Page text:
Rates Battle Royale: COVID Mortality vs Vaccine Optimism
Last Week: Long term interest rates drifted higher and equities reached record levels as coronavirus vaccinations continued to roll out in several developed economies, including the US, with the promise of more doses before the end of the year. The yield on the US 10-year Treasury note rose 0.05% to 0.94% from a week ago while 1-month LIBOR edged lower by one basis point to 0.14%. The price of a barrel of West Texas Intermediate crude oil advanced nearly $2 to $48.60, while the US Dollar weakened, and Gold strengthened. Treasury yield volatility, a key driver of the cost of rate caps and swaptions, drifted lower throughout the week.
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Markets focused on light at the end of the Covid tunnel. Equity and debt markets largely ignored news of falling US retail sales, weaker regional Fed surveys and rising jobless claims, and looked beyond the surge in COVID-19 infections and tightening restrictions, to focus on a world of normalcy in the second half of next year. Breaking news from Capitol Hill -$900 billion coronavirus relief bill has been agreed upon after months of delay. Also raising hopes is the accelerating rollout of vaccines to guard against the illness. The package includes $330 billion in additional aid to small businesses, $300 a week in enhanced unemployment benefits to those put out of work and $600 stimulus checks to individuals whose income is below $75,000. A surprise benefit is the return of the “three martini lunch” tax deduction.
Our take: Things will likely get worse before they get better. With hiring set to decelerate and personal incomes challenged in the weeks ahead, the economy could tip into contraction before any solid vaccine-driven lift is seen in Q2 of next year. The Fed is employing a broad arsenal of tools to try and bridge the gap, and it’s Congress’s job to smooth the corners and pave over the potholes to get us there. The latest bipartisan relief package will help to gird against a looming income shock in the first quarter – if it passes. At $900 billion, it represents the bare minimum required to usher a respectable level of year-over-year economic growth for 2021, and risks proving insufficient. In the absence of an aid package, the income shock from expiring unemployment benefits alone could be worth over $20 billion per month, or 1.3% of overall personal income. Not a good scenario when consumer spending is responsible for 70% of US economic activity.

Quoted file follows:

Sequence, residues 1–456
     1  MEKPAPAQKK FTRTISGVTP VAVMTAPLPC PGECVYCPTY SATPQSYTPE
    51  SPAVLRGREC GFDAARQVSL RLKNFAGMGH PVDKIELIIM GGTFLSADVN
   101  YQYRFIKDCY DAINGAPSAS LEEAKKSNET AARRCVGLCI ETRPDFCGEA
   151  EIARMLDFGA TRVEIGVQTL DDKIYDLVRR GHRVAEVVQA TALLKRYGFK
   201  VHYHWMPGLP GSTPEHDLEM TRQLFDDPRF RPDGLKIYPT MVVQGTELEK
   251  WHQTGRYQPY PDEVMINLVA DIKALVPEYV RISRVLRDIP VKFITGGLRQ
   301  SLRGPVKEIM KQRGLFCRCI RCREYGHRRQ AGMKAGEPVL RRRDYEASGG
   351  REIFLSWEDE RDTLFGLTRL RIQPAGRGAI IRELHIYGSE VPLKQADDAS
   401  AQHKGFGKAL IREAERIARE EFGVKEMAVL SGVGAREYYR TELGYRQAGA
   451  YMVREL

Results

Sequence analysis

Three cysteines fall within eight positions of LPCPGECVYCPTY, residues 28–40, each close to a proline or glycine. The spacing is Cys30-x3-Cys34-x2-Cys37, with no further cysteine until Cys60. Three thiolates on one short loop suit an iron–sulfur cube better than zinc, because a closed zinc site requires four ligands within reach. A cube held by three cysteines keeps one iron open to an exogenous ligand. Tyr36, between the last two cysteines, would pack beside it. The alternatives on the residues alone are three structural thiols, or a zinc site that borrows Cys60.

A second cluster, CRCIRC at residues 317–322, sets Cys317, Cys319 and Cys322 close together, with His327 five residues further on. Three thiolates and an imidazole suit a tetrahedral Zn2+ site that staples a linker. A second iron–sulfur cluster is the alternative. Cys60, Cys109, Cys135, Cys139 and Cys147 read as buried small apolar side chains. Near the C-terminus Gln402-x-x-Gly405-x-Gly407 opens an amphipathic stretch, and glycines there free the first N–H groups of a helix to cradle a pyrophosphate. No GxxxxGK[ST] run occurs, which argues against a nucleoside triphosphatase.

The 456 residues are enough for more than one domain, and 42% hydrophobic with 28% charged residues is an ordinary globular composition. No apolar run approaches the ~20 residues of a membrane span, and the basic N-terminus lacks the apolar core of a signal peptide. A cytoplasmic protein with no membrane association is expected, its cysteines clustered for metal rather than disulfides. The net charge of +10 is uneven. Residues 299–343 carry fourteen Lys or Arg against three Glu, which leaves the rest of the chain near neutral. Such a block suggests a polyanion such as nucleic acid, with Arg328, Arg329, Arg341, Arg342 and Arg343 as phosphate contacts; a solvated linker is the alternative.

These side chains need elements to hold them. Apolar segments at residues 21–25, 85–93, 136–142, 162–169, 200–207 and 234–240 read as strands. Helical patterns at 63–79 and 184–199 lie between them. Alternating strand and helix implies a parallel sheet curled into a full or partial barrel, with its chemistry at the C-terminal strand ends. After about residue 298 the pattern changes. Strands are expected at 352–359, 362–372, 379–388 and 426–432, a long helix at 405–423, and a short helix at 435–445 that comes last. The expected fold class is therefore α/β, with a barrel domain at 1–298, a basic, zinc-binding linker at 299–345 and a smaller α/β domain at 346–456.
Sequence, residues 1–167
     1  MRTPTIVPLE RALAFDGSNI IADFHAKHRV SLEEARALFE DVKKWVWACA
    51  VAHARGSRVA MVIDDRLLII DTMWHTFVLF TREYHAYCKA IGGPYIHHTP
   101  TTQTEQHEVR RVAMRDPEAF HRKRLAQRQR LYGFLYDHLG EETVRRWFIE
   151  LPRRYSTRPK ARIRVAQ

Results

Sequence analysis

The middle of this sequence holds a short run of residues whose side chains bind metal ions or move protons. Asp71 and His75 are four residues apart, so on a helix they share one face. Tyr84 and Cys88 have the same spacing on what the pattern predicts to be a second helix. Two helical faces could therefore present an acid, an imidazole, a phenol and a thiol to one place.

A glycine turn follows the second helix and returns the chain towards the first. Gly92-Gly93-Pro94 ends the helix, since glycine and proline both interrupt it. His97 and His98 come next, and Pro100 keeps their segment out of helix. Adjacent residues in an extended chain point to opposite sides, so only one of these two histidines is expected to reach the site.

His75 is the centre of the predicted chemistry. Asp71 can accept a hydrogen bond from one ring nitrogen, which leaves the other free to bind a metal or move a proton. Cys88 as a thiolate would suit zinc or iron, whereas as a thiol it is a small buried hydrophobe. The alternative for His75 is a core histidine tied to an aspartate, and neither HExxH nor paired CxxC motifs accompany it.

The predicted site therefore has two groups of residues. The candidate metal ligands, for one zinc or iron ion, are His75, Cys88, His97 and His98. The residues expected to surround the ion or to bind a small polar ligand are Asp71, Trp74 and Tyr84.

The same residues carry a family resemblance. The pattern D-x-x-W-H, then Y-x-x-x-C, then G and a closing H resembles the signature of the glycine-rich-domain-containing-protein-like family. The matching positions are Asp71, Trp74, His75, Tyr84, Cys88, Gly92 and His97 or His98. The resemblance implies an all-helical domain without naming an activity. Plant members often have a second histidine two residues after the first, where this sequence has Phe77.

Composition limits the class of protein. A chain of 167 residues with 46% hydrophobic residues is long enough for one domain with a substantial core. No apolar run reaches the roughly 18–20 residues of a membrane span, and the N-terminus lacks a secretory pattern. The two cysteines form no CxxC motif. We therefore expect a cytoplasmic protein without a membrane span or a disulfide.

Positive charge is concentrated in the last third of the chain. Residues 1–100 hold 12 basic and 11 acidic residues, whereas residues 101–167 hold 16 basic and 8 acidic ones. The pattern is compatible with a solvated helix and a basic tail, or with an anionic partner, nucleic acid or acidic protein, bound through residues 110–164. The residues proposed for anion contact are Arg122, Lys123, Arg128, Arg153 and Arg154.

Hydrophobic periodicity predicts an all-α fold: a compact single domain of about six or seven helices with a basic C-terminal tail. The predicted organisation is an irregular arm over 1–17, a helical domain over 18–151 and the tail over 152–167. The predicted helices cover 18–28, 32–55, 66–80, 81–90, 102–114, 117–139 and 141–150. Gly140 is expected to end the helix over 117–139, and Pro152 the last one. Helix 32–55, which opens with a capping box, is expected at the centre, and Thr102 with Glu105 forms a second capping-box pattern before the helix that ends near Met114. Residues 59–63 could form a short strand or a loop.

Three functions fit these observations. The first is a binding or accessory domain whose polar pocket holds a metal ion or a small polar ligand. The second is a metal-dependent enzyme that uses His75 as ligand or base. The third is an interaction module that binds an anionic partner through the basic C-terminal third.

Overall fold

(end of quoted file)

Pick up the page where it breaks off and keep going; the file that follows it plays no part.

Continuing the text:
Fed’s 2020 finale turned out to be a dud. In their last meeting of the year, Fed Chair Powell & Co. staged a snooze-fest with the real action happening elsewhere – like bitcoin topping $20,000 for the first time and the US government naming Vietnam and Switzerland currency manipulators. The Fed did not change the make-up of its stimulus measures as markets had hoped, choosing to let its current methodology ride until employment and inflation make “substantial” progress. The Fed is currently buying $120 billion of Treasuries and mortgage-backed securities per month, and it raised its growth and inflation forecasts for the next two years.
Our take: The absence of any hints from the Fed that stimulus could become more aggressive in the near term dampen expectations for greater accommodation in Q1 2021. For now, America’s economy is slowing, with retail sales posting its first back-to-back decline since April and many other gauges of economic prosperity teetering. As stated before, it’s up to Congress now to help bridge the gap toward vaccine-fueled prosperity, although news of the first vaccine hiccup – an allergic reaction to Pfizer’s shot – got broad attention in the markets.